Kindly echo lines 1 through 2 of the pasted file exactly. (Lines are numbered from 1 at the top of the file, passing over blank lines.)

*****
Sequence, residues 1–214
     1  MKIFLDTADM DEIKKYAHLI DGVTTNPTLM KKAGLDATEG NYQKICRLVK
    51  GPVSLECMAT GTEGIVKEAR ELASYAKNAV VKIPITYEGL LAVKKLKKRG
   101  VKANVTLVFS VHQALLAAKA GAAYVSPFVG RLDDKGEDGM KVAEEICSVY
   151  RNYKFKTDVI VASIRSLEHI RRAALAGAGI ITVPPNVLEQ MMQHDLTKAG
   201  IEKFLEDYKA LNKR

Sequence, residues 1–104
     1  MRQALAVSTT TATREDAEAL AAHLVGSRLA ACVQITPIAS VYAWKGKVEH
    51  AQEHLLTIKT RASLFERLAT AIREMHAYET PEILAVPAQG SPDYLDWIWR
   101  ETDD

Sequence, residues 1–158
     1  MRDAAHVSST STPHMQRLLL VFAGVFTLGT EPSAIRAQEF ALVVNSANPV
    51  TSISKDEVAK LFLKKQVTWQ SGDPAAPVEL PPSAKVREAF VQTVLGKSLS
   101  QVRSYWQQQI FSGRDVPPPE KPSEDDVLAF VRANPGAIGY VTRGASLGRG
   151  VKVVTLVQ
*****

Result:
Sequence, residues 1–214
     1  MKIFLDTADM DEIKKYAHLI DGVTTNPTLM KKAGLDATEG NYQKICRLVK